The first step toward taking control involves understanding what's happening inside your body.
RA is an autoimmune disease. This means that your immune system, which normally fights "invaders" such as bacteria and viruses, goes haywire and instead attacks your body's healthy tissue.
One site of this self-attack is the synovium, a delicate lining only a few cells thick that surrounds your joints and produces fluid that lubricates them. With RA, your synovium becomes swollen and inflamed. This puts pressure on your nerves, which, in turn, send pain signals to your brain. The swollen synovium also protrudes into the joints and releases chemicals that eat away at the bone. This process is what leads to the pain, stiffness and swelling associated with RA.
Although much progress has been made, doctors still don't understand everything about the way RA works. In part, that's because the disease progresses differently in different people. Your body's immune system can change over time—making your symptoms better or worse. It also can cause a treatment you're trying to suddenly stop working.
"Many factors are involved in the workings of the immune system," explains Allan Gibofsky, MD, professor of medicine and public health at Weill Cornell Medical College and attending physician at the Hospital for Special Surgery, both in New York City. "When these factors get out of balance, problems can result. Your doctor's challenge is to get them back into a reasonable balance."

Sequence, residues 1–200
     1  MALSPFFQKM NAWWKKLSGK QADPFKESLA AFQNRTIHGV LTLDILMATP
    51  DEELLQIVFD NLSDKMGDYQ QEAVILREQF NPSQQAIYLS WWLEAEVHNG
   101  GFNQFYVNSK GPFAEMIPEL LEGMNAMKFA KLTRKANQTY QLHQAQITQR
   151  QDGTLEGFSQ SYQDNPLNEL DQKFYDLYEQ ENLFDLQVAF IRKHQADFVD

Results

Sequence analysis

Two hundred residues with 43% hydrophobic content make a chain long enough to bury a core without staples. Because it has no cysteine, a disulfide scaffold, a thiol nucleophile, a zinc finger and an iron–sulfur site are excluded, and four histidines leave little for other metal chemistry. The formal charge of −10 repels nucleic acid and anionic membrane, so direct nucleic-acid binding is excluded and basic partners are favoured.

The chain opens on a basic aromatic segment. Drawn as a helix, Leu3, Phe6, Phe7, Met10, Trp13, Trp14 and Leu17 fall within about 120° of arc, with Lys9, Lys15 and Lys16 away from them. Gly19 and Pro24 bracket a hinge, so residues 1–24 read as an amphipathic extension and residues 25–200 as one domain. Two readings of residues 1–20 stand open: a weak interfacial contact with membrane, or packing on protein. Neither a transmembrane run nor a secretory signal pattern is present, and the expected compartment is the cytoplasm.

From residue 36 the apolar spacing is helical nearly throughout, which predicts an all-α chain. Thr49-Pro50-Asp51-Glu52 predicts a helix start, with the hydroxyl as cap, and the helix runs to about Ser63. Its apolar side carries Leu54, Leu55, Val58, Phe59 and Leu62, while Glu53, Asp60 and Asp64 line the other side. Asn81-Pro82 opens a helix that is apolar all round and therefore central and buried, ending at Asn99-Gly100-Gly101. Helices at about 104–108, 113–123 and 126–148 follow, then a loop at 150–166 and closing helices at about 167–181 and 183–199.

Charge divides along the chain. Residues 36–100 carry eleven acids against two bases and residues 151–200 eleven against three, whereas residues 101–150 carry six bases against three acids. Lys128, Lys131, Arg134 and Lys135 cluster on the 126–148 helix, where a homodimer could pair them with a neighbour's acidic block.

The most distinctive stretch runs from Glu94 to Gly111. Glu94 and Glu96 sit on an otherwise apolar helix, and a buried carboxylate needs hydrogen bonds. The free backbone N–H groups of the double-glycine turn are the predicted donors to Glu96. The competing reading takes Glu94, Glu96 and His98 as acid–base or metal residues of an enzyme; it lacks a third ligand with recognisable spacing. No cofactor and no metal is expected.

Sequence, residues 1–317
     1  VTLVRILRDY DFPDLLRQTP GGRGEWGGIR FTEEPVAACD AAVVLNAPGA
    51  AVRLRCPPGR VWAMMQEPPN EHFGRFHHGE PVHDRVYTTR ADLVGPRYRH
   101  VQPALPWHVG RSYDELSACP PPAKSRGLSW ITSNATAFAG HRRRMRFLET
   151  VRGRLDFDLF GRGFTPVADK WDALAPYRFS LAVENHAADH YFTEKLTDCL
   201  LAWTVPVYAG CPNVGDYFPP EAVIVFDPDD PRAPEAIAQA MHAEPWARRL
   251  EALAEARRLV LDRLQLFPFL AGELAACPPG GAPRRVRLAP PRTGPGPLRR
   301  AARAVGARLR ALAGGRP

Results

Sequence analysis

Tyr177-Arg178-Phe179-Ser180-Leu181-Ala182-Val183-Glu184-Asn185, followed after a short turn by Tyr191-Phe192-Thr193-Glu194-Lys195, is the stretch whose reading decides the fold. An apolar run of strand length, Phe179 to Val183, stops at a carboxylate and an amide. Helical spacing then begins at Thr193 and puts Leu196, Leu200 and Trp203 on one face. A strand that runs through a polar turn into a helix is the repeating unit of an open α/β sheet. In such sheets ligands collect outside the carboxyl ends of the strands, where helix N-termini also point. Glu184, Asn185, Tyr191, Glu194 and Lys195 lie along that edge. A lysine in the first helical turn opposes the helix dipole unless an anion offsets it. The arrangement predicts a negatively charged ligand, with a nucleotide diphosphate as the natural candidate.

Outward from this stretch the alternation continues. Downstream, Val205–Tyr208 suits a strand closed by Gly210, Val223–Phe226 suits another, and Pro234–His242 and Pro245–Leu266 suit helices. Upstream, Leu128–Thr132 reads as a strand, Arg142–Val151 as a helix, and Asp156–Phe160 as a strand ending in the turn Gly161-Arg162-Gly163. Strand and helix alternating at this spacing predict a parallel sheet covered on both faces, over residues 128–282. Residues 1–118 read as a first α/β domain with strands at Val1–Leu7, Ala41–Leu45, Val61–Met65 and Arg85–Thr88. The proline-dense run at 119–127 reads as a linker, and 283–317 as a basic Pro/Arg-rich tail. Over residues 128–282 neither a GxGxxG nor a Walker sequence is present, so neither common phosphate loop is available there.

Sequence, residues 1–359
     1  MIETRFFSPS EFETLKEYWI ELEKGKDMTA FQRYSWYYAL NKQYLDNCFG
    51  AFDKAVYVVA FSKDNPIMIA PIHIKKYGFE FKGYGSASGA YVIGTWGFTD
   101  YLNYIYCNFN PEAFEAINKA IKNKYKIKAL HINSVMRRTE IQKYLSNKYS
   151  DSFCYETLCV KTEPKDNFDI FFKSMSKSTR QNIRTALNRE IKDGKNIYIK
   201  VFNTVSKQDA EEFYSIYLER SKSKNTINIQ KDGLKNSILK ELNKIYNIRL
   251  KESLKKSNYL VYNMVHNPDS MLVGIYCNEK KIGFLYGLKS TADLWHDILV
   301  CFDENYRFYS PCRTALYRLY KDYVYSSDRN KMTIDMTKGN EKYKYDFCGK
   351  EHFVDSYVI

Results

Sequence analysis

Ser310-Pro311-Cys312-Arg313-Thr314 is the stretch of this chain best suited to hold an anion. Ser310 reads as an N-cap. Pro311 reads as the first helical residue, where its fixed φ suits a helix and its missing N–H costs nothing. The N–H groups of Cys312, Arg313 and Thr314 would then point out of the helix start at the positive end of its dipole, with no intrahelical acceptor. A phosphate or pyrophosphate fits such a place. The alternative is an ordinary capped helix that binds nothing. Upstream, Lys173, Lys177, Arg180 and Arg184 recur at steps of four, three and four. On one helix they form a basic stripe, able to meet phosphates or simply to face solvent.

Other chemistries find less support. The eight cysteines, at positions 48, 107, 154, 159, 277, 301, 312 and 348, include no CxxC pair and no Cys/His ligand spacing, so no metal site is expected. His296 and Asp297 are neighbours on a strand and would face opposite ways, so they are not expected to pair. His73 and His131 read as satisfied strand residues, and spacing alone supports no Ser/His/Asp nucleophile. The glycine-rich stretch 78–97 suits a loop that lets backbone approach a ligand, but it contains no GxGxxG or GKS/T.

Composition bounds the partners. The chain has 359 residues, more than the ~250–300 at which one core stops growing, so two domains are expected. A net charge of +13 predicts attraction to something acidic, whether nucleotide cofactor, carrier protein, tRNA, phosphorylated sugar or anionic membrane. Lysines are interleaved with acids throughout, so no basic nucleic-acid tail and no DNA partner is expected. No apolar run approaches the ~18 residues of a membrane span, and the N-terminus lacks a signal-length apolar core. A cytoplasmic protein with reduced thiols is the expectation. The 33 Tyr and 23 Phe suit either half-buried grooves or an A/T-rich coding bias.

Possible causes of RA include:
T cells. One theory about how RA develops involves T cells. T cells are a type of white blood cell that jump-start the disease process and make inflammation worse. Some medications are designed to halt the actions of these inflammatory T cells.
TNF and IL-1 cytokines. Another theory about RA focuses on the activities of cytokines. These small, immune-system proteins transmit signals between cells. An oversupply of cytokines known as tumor necrosis factor-a (TNF-a) and interleukin-1 (IL-1) are often found in joints affected by RA. Some medications are designed to "inhibit" the activity of TNF-a and IL-1 cells.
IL-6 cytokines. Interleukin-6 (IL-6) is yet another type of cytokine. In a healthy person, T cells secrete IL-6 to help the body recover from trauma. In a person with RA, however, IL-6 levels can be too high. This is why some treatments are designed to "block" the activity of IL-6 cells.
"Patients have to keep in mind that, no matter what treatment you're currently receiving, you may have to do something different at another time," says Dr. Gibofsky. That's because RA is a disease that can change in your body over time. "If your doctor is suppressing TNF in you now, he may need to suppress IL-6 in you later. It's all about achieving the right balance."
Bottom line? Working closely and continuously with your doctor to understand the right treatment options for you is critical to long-term treatment success.